Opponents of France’s controversial law allowing gay couples to marry aim to use the international profile of the Tour de France to show their opposition to it when the three-week race starts on Corsica a fortnight tomorrow, planning on being present at every stage to get their point across.
Late last month, Vincent Aubin and Bruno Boileau became the country’s first gay married couple at a ceremony in Montpellier – coincidentally, the finish town of Stage 5 of this year’s Tour.
The previous weekend, hundreds of thousands of demonstrators had staged a protest in Paris against the law, which also allows same-sex couples to adopt children.
One of the opponents of the reform, UMP politician Samuel Lafont, is behind the ‘Tour de France Pour Tous’ – ‘the Tour de France For Everyone’ – which was launched earlier this week as a means of highlighting opposition to same-sex marriage during the Tour, reports France24.
‘Tous’ in this context doesn’t include those who wish to marry someone of the same gender, or those who support someone’s right to do so – instead, it’s inspired by the popular name given to the law, ‘Mariage Pour Tous.’
Writing on the event’s Facebook page, Lafont said: “From all regions of France, come out and participate in the ‘Tour de France Pour Tous.
“From June 29 to July 21, we will have extraordinary international visibility. We must use this opportunity to demonstrate our opposition to this law and to the modern gender theories that lie behind it.”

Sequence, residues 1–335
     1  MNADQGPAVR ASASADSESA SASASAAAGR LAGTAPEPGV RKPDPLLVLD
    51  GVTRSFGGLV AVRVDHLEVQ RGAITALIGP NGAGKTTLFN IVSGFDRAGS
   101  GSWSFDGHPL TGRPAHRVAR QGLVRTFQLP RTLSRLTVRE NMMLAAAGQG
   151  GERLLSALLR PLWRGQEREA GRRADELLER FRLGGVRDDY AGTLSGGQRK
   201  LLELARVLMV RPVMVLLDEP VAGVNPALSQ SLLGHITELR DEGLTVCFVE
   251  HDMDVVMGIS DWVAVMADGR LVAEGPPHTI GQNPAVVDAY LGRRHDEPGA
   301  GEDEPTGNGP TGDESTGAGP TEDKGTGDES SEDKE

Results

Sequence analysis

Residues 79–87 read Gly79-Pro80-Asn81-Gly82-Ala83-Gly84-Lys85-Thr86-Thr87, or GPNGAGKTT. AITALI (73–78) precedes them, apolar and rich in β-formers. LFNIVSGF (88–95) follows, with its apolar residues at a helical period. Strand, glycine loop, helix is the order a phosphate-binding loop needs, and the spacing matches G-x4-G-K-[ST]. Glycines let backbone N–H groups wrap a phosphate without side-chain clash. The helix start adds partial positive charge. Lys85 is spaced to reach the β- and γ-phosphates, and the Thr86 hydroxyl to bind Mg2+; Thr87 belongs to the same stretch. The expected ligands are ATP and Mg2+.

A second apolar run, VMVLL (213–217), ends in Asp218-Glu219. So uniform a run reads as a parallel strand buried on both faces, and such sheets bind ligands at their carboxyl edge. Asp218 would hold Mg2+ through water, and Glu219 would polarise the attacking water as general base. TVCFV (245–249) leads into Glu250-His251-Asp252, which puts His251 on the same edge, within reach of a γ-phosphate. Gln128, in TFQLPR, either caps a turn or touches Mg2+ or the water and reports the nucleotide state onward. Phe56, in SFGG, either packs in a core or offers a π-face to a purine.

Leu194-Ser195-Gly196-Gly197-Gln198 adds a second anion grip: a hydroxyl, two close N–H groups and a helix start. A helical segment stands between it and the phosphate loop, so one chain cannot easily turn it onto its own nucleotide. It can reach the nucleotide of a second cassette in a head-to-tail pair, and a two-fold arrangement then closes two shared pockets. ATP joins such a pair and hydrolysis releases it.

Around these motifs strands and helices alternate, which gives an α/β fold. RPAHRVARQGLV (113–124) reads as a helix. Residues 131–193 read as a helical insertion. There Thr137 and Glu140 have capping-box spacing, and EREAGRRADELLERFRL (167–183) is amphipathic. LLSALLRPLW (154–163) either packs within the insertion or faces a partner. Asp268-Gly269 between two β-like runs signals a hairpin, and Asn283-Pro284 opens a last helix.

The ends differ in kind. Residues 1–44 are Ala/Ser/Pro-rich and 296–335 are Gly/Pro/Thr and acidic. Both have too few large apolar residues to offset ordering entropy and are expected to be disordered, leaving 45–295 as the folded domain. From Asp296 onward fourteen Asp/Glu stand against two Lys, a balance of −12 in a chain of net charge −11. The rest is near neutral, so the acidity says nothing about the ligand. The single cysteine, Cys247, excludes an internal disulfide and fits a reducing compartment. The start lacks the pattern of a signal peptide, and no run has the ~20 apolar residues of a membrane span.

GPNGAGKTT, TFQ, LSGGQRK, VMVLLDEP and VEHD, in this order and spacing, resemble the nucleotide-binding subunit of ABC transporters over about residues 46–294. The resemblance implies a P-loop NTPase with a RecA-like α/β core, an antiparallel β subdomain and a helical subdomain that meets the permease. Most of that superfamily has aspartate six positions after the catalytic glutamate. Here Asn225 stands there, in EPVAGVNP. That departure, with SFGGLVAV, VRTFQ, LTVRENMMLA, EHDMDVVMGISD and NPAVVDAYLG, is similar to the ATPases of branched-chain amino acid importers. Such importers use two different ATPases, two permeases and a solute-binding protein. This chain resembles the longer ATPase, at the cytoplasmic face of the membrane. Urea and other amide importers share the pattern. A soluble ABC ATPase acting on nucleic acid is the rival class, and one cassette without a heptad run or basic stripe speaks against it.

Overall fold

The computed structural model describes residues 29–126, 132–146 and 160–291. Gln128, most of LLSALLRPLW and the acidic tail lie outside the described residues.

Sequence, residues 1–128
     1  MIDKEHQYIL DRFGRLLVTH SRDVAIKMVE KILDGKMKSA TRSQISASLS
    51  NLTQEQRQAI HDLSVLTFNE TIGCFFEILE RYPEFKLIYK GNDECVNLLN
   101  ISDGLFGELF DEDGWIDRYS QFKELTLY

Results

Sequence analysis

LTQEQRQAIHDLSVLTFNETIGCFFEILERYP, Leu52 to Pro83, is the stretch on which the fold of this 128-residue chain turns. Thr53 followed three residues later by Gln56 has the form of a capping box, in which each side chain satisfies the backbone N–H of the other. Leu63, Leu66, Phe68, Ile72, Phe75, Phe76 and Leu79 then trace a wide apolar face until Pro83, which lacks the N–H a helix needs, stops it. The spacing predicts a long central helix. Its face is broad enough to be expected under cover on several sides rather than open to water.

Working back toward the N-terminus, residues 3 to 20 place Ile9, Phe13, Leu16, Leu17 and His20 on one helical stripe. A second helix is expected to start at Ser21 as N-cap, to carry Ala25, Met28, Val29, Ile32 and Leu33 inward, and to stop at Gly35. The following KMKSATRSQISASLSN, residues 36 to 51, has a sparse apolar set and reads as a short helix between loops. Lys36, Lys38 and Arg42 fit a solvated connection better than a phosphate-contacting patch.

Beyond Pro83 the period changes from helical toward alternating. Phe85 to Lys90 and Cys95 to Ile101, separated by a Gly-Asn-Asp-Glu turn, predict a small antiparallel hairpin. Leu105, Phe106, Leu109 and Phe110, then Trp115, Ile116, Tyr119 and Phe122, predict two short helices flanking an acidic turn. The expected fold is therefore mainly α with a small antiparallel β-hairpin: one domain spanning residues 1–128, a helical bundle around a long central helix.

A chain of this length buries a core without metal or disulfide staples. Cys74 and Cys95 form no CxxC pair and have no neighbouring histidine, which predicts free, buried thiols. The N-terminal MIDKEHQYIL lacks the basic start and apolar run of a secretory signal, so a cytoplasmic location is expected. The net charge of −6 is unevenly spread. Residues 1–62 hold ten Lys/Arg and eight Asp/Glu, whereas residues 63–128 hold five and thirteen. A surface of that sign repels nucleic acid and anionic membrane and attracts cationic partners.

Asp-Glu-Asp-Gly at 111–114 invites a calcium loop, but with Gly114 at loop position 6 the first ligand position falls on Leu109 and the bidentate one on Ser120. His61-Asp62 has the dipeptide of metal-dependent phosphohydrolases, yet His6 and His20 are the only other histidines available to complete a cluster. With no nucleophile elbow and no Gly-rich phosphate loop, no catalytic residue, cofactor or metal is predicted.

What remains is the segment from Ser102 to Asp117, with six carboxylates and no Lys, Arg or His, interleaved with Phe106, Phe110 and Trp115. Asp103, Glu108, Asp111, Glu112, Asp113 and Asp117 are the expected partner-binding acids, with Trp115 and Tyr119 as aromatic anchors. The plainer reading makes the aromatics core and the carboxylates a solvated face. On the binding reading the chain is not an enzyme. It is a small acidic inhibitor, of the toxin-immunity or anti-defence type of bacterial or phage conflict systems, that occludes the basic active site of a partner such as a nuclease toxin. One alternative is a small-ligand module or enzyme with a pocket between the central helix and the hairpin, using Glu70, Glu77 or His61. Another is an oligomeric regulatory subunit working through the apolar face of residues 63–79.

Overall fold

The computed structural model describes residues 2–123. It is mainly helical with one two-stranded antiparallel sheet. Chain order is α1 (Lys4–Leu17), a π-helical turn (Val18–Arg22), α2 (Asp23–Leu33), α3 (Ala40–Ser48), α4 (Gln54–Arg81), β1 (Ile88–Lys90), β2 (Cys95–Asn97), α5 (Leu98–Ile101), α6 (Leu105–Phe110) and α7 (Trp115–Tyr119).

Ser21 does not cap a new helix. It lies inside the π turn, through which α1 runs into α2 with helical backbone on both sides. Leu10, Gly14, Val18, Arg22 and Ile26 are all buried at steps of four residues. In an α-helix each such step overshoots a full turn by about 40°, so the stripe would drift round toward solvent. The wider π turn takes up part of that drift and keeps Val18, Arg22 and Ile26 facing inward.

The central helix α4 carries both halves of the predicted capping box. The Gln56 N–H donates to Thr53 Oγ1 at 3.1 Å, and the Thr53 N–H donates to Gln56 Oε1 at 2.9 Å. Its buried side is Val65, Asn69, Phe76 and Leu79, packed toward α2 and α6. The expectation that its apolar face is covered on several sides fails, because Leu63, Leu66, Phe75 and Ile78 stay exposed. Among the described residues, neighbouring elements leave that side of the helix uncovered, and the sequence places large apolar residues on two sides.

“The idea is not to disrupt the race, but to be visible on French and international news media, at every stage of the race,” added Lafont, although that could be wishful thinking – demonstrations against same-sex marriage have attracted extreme elements, resulting in violent clashes with police, and it’s also possible there will be counter protests.
France24 says that Tour organisers ASO declined to make a comment on the issue when contacted.
Last Sunday, the men’s singles final between Rafael Nadal and David Ferrer at the French Open was interrupted by a protestor against same-sex marriage who managed to get onto the court and was unceremoniously bundled off by a security guard.
Anyone planning a similar stunt anywhere near the podium at the end of a stage during the Tour may wish to consider that Bernard Hinault, who acts as a kind of master of ceremonies at the presentations, jealously guards his territory .
Last year, as Bradley Wiggins stood on the podium in front of the Arc de Triomphe, the Frenchman intervened to physically throw off a fan who had somehow managed to make his way onto it.
Hinault, nicknamed the Badger, has also been known to punch the odd protestor who has intruded on his domain in the past.
Simon has been news editor at road.cc since 2009, reporting on 10 editions and counting of pro cycling’s biggest races such as the Tour de France, stories on issues including infrastructure and campaigning, and interviewing some of the biggest names in cycling. A law and languages graduate, published translator and former retail analyst, his background has proved invaluable in reporting on issues as diverse as cycling-related court cases, anti-doping investigations, and the bike industry. He splits his time between London and Cambridge, and loves taking his miniature schnauzer Elodie on adventures in the basket of her Elephant Bike.